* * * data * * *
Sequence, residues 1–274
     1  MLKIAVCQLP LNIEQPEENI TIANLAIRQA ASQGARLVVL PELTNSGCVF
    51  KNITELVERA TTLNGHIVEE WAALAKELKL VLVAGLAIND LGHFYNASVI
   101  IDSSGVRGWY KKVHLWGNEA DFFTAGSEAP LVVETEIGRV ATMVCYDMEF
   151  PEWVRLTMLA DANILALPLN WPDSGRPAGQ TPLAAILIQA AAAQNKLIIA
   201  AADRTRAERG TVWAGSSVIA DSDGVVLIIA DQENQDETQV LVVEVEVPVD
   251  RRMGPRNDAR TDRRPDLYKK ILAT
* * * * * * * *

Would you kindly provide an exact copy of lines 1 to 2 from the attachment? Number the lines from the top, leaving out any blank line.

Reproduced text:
Sequence, residues 1–274
     1  MLKIAVCQLP LNIEQPEENI TIANLAIRQA ASQGARLVVL PELTNSGCVF